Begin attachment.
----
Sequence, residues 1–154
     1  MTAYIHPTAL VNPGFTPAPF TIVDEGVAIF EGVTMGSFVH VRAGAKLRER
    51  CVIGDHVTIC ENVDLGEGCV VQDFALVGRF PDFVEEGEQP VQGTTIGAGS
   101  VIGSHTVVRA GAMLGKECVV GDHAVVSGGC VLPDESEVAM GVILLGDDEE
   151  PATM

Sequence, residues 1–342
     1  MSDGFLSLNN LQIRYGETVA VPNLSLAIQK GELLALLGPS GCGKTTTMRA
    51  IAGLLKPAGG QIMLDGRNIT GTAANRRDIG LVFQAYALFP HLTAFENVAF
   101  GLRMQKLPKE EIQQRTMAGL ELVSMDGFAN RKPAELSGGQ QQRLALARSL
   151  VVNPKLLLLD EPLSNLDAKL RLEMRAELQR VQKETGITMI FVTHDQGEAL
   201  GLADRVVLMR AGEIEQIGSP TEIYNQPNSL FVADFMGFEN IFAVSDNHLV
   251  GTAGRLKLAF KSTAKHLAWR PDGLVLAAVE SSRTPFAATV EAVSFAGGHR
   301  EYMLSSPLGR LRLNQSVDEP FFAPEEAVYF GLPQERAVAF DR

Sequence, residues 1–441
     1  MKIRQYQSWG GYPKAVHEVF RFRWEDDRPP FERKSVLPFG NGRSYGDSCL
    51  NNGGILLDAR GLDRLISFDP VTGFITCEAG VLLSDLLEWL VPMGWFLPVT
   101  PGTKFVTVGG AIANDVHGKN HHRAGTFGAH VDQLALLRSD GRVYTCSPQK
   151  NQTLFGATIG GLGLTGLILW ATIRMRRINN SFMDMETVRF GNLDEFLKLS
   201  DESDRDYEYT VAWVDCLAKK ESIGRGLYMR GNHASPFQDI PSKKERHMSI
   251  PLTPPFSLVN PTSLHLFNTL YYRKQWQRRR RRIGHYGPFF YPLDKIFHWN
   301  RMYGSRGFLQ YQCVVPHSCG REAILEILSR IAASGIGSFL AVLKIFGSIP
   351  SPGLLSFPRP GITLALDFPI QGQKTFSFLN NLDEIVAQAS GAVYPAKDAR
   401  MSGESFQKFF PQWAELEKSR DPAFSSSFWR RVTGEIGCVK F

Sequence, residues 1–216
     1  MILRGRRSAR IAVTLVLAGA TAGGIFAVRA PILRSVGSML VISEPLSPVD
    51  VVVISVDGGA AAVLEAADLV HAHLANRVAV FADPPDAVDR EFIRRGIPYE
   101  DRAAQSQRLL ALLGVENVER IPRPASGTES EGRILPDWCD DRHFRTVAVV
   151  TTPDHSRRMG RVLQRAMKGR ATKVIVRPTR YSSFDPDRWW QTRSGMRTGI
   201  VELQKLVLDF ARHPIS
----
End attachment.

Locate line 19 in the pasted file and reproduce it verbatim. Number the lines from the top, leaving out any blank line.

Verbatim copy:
   201  DESDRDYEYT VAWVDCLAKK ESIGRGLYMR GNHASPFQDI PSKKERHMSI